Hillary’s Gutsy, Meghan’s Archetypes and the Rise of Irrelevant Feminism

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ptop me if you’ve heard this one before. Hillary Rodham Clinton and her daughter, Chelsea Clinton, sit on a bench in the park on the grounds of the Palais Royal.

The former secretary of state and US presidential candidate turns to his daughter and asks: “Do you know what happens if you drink too much tea in Paris?”

Chelsea, an International Relations DPhil who is also a children’s author and global health advocate, seems confused.

“You’re-a-peein’,” her mother – once the most powerful woman in politics – tells her with a mocking tone.

Except the real punchline is that this is a scene from their new Apple TV Plus series called Courageous. The joke, if you think about it, is that this is what one of the most talented and successful people in American life has been reduced to doing for work.

Across the eight-episode series, which debuted Friday, the Clintons tour the world speaking to different kinds of “brave” women, some of whom are so much braver than others that it makes a mockery of the #girlboss era’s watchword . In the first episode, for example, the “brave” women are stand-up comics, including Wanda Sykes and Amy Schumer, who talk about performing in front of hostile audiences, among other things. In the second episode, they are women who escaped the violent lives of political extremism or lost their own children to hate crimes. The point is to explain all the different, inspiring ways women can be bold. The audience for this show, I fear, is what little remains of Pantsuit Nation, the zeitgeist Facebook group of HRC supporters that formed during the 2016 election.

Courageous very reminiscent of the Duchess of Sussex’s new Spotify podcast Archetypes – another show where a powerful woman talks to other powerful women about the brands they’ve overcome on the way to becoming so powerful. So far, three episodes have been released: Serena Williams on “ambition,” Mariah Carey on “diva,” and Mindy Kaling on “singleton.”

Hillary Clinton joins the fire department

(Apple TV Plus)

Don’t get me wrong: they are not terrible shows. It’s kind of fascinating to watch Hillary and Chelsea Clinton figure out what they can do with the resources they have – fame and good intentions. It’s more or less the same journey that Meghan – whose soft speaking voice I found deeply soothing – is on following her exit from royal life.

But neither are they the energizing calls to action they aspire to be. The guests—however accomplished—can’t distract from the fact that the Clintons and Meghan aren’t particularly suited to their new line of work. They don’t have the journalistic instincts to challenge their guests or Oprah’s uncanny ability to extract tears and secrets. The sad takeaway at the end of each episode is that show business, like the rest of the world, doesn’t know what to do with these women — women who have been tagged as “unlikeable” despite having few obvious errors.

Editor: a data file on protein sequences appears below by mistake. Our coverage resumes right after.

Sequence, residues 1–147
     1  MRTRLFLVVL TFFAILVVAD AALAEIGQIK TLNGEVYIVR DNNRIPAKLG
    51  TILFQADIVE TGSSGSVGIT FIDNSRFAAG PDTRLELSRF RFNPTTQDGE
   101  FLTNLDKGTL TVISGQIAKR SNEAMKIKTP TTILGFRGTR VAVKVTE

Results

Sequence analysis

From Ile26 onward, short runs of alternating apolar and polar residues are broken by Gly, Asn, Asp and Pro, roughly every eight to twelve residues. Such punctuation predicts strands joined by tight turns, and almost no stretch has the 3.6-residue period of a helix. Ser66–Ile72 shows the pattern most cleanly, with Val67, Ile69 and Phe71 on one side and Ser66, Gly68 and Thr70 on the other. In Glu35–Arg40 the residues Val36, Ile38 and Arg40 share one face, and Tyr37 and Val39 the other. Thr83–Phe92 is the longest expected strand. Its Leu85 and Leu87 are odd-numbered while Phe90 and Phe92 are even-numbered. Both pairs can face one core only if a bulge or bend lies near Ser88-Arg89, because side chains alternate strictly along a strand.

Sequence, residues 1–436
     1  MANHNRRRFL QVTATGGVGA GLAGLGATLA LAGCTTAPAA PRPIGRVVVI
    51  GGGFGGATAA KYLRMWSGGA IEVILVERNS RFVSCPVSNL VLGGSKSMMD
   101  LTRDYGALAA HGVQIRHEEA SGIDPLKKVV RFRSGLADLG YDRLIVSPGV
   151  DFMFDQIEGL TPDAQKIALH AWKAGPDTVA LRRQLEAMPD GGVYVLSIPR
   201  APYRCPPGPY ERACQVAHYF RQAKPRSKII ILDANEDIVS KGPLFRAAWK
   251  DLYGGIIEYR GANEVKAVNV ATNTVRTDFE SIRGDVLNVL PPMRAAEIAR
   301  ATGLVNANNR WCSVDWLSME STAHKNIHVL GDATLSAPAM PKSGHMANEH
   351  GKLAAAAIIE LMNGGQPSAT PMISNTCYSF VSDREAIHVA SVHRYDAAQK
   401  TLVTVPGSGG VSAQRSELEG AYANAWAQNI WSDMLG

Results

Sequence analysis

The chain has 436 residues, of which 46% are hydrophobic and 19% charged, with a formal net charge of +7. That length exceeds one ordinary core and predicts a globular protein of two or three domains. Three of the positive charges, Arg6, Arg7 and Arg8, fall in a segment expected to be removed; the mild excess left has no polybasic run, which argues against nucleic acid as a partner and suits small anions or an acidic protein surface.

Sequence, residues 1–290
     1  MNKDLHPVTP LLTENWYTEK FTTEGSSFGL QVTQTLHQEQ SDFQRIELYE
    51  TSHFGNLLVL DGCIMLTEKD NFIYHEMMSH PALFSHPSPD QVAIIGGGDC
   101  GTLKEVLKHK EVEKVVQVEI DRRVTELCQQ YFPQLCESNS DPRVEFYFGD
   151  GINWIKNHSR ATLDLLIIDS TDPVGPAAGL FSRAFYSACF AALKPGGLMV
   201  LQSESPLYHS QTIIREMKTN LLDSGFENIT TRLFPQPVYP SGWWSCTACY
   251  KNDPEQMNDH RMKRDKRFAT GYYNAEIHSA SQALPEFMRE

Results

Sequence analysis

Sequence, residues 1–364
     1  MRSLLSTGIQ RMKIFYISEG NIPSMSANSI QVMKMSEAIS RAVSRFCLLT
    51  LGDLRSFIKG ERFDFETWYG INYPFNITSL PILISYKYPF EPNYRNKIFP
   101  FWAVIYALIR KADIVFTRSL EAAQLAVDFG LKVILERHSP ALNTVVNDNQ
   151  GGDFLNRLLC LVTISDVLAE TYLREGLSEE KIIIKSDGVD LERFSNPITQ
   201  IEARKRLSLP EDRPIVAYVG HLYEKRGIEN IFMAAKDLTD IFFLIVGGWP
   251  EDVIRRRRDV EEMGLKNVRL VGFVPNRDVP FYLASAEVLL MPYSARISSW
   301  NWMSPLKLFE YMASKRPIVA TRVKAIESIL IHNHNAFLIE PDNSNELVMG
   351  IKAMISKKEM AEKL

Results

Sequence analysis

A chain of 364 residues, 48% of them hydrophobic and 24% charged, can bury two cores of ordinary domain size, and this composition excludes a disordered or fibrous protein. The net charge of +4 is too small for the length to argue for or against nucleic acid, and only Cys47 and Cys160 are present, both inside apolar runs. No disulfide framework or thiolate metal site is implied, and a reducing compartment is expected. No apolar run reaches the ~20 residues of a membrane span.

Feminism may be the common theme of the shows, but that’s not what the broadcasts are about

And a fixation with “unlikeability” is ultimately the common weakness of these series. Instead of grappling meaningfully with misogyny and inequality in its most destructive forms, they give us conversations about naming. Meghan wants to stop being labeled as unlikable, not just because it’s sexist – which it is! – but because she is actually very likable, if only you would get to know her like her friends do. In her conversation with Williams, Meghan alludes to the text conversations they’ve already had about the issues they chat about on air. Archetypes is not just a chance to get to know Williams more, but to be her. Which is to say be the person who gets to hear Meghan’s innermost, most sympathetic thoughts.

Because it’s as impossible to ignore the transparent reputational rehab at work here as it is to believe that celebrities questioning feminist buzzwords can change the real-life experience of the average person. The appeal of these shows is not the content. It is a look behind the curtain at the women who ask the questions and (selectively) make personal revelations. When Meghan hosted Williams, it was the previously unknown story of a fire that broke out in her son Archie’s nursery that led the next day’s news coverage. The most compelling part of Courageous is Chelsea’s frequent discussion of her childhood, which was marked by a pervasive sense of hatred unique to the White House jungle gym. Feminism may be the common theme of the shows, but that’s not what the broadcasts are about.

Mindy Kaling and Meghan Record ‘Archetypes’

(Mindy Kaling (Instagram))

Some people are born to host – mostly Oprah. But others have lived too much of their extraordinary lives in the public eye to fade into the role. Every question these women ask about womanhood feels as exciting as the answers they get. Some people, no matter how far they are willing to go to host the interview—like, for example, to Paris, with their daughter, to interview clowns—don’t know how to stop being the talk show guest.

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